Northern Ireland Through the Eyes of a Newcomer

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It has been a blessing to have Heather Trojahn with us for the past few weeks.  She has already been a real blessing.  Below is a post that she wrote about some of her cultural insights from living in Northern Ireland.  As you can tell, she is learning fast and doing a great job.

Quite often I tell my mom all the things that I’ve found to be different about living in Northern Ireland. She said that I should write a post about some of those things. So if you enjoy this, thank her. I love you mom!

There is no way I could write about ALL of the little things I’ve noticed since moving here. It is a completely different culture, so it would take books to write about everything. I must admit, that out of all the countries I’ve been to, Northern Ireland would be the most like the States. However, because a lot of things are similar, I feel like I have to work a little harder at noticing the differences. Most of the things that I’m writing about today, are just little things that make me smile.

Stroke City

Derry has a long history of being divided. There are many political and even paramilitary groups. The two main groups would be- 1) those that want to be united with Ireland and don’t want to have anything to do with the UK (the catholic side, or cityside) and 2) those that want to be part of the UK or at least don’t care any more (mostly protestants, or waterside and a lot of catholics now too). The fighting and violence reached it height in the 60′s and 70′s, however there are still harsh sentiments shared between the two sides even though little action is ever taken.

To make thing a bit more divided, the city is divided by a river. On one side live mostly Catholics (cityside) and on the other side live mostly Protestants (waterside). Many of the road signs for the city have been vandalized and the “London” part of Londonderry has been marked out. One side wants to have nothing to do with London, so they just call it Derry. The other side wants to be associated with England so they call it Londonderry. So, just as any good government does these days, the government decided to be politically correct and separated both names by a stroke (/), and wrote all the signs as “Derry/Londonderry.”  I’m not sure if that really made anyone happy, but people here joke around and say that they live in Stroke City.

Tea!!! and other yummy things…

They LOVE tea here. I feel like when they’re not drinking it, they’re talking about when or how they will get their next cup. It is served with every meal and then quite often in between. It is actually a catching habit.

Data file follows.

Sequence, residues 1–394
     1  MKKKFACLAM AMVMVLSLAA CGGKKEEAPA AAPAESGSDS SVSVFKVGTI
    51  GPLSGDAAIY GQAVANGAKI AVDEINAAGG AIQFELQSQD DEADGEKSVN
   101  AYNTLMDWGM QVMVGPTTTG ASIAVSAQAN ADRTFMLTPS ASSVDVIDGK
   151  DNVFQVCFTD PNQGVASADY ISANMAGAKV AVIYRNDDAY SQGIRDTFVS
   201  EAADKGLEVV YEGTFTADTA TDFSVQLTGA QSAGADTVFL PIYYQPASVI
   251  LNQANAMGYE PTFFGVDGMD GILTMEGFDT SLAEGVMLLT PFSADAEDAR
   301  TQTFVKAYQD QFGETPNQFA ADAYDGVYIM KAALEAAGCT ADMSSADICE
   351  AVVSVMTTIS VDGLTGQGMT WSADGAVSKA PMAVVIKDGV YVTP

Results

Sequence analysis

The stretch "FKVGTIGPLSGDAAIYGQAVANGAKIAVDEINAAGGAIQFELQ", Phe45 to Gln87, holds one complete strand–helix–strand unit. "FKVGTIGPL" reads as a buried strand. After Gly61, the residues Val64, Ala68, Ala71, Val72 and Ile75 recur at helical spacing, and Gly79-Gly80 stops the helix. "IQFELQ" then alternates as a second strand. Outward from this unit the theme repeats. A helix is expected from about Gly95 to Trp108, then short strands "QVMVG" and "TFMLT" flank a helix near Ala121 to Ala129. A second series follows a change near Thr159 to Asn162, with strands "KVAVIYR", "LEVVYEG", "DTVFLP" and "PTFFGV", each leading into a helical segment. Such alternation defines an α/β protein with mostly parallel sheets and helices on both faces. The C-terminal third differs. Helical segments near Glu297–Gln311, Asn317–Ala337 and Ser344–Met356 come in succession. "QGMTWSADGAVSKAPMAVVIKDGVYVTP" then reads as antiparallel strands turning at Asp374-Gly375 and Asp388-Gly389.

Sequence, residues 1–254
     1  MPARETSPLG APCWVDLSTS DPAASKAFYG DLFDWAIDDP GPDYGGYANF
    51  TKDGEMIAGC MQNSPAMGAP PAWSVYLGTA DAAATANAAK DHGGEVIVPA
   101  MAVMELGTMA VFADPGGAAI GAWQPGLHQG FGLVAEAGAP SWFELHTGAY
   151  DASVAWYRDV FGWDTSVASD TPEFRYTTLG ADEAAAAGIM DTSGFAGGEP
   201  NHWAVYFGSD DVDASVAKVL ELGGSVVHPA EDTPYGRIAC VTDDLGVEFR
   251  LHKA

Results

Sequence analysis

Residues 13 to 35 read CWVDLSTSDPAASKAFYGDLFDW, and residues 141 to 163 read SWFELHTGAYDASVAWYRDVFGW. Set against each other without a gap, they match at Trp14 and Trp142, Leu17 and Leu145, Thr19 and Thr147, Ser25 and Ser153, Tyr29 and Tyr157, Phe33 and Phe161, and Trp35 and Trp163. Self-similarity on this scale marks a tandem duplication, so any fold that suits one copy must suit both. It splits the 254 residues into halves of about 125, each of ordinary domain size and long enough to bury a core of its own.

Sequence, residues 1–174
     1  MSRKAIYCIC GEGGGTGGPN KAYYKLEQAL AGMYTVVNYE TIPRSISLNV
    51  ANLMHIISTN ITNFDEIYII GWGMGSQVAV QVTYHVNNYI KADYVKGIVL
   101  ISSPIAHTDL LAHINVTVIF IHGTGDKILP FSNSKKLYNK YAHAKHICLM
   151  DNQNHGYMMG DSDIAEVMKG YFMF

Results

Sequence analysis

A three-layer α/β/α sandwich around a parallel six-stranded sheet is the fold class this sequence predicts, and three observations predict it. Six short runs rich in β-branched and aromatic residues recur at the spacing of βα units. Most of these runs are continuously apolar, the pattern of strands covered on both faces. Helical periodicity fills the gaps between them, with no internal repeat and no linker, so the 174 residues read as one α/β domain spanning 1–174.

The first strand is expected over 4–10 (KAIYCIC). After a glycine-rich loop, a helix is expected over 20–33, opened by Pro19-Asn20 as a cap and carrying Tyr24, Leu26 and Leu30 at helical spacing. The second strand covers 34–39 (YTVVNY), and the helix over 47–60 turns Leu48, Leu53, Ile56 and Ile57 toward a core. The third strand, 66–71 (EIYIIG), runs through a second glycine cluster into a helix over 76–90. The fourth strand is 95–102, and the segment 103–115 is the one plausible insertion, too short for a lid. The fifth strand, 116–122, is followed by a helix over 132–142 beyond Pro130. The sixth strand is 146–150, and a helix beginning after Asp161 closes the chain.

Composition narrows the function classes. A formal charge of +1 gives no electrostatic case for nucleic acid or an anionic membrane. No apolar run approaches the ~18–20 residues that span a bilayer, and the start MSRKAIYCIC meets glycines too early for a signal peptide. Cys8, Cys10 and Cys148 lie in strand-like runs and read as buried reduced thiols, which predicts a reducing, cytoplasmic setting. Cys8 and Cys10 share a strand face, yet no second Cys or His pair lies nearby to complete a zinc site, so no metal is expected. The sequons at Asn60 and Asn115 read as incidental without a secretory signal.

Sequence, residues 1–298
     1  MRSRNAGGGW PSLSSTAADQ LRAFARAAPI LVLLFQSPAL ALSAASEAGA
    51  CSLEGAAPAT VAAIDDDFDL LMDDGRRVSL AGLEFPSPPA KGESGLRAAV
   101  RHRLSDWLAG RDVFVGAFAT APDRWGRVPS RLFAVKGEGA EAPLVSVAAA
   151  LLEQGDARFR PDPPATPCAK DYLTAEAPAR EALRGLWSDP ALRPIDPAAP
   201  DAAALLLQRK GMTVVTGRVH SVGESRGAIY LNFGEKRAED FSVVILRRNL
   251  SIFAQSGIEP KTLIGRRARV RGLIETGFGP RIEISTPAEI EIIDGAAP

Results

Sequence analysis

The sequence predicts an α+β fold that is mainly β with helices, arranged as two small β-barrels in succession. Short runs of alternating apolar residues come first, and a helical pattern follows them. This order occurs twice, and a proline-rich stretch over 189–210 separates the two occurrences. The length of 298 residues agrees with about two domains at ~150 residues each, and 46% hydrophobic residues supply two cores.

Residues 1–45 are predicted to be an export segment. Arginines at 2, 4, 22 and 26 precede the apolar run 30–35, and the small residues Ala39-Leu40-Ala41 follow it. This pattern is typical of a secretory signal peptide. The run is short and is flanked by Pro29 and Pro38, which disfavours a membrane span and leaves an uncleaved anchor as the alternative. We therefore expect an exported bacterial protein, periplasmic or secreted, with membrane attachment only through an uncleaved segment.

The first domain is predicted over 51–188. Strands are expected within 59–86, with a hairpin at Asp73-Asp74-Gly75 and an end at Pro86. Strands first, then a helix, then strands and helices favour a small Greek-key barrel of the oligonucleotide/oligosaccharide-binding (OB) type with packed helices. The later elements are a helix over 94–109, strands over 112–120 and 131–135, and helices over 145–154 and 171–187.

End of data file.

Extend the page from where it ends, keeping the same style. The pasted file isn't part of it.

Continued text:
Tons of tea!

I’m enjoying the tea here too. It does rain a lot and there’s nothing like a cup of tea to warm you up! Tea is also a great way to witness to people. If you offer someone tea, they are unlikely to refuse. They also like to sit down and chat about everything while drinking it. People strongly believe in taking time to enjoy tea. Even at the Starbucks here, the hot drinks come in real mugs. That’s just how they like it!

Biscuits (cookies) and margarine are huge here. I have never seen more cookies in my life! They are generally eaten with tea. Since there is always tea, there are biscuits EVERYWHERE! Margarine is used for scones (like american biscuits), toast, pancakes, and any sandwich (instead of mayo). I walked into the shop and noticed that there was a small section of real butter and a whole aisle of margarine!

Chips. Not potato chips, but more like steak fries. They are probably one of the top three most consumed product here (along with biscuits and tea). Chips are eaten with everything. Pizza, chicken curry, spaghetti, fish (duh!), or just alone. Yeah, I think Northern Ireland must be a picky eaters paradise!

English. It’s not all the same…

They use different words here. Some stuck right away, and others I still struggle to remember. Here’s just a few: Say trousers, not pants. Pants are underwear. Say shop, not store. A store is where you store things (yeah, we’re confused in the States). Say bin, not trash can. Say rubbish, not trash. Say creche, not nursery. Nursery is preschool. It’s red sauce, not ketchup, and brown bread, not wheat bread. Chips, not french fries, and crisps, not chips. I could go on for a lot longer, but I’ll spare you. Words like gorgeous and beautiful are used to describe food. The word “craic” (sounds like crack) is used in a great many ways. Such as “It was good craic” meaning “I had a great time” or “What’s the craic?” meaning “What’s going on?”.  The word “wee” is used VERY often. I went to the doctor today and I was asked to fill out a “wee form” and then take a “wee seat”. I don’t think I’ve heard the word “little” since I’ve been here. “Aye” is also constantly used instead of “yes”. I need to work on saying “aye” and “wee” more.

What culture doesn’t give

So much of the culture here is friendly and unique. Harmless. However, people here (just like people in the States) think that they are good. They’re friendly, involved in the community, most even go to church on a regular basis. None of those very good things can get them to heaven though. Titus 3:5 says, “Not by works of righteousness which we have done, but according to his mercy he saved us”. Please continue to pray for Northern Ireland!

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